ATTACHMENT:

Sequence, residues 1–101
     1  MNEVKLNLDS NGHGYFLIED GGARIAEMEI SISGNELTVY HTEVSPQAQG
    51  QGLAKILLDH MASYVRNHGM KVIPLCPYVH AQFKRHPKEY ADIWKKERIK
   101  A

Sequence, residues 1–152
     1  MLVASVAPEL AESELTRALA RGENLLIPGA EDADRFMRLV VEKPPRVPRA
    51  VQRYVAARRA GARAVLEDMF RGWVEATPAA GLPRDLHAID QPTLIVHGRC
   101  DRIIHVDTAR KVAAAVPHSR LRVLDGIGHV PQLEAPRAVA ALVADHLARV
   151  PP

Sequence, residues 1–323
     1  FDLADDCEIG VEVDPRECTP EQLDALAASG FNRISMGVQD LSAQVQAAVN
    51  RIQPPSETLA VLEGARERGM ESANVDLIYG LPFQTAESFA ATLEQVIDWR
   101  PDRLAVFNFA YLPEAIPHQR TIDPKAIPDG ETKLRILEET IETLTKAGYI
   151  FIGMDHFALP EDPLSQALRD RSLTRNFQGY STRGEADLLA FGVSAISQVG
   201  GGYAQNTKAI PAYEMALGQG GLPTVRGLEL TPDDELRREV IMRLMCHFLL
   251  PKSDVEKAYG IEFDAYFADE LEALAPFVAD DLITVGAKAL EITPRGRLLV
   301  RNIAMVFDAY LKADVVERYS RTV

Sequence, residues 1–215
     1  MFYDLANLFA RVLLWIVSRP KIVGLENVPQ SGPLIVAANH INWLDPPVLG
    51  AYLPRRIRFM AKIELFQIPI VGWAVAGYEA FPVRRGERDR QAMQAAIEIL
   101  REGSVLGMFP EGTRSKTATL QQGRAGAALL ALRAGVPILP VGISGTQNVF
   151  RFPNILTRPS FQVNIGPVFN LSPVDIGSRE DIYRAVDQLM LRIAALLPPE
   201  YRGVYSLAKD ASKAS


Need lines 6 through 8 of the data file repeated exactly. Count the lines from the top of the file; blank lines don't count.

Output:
     1  MLVASVAPEL AESELTRALA RGENLLIPGA EDADRFMRLV VEKPPRVPRA
    51  VQRYVAARRA GARAVLEDMF RGWVEATPAA GLPRDLHAID QPTLIVHGRC
   101  DRIIHVDTAR KVAAAVPHSR LRVLDGIGHV PQLEAPRAVA ALVADHLARV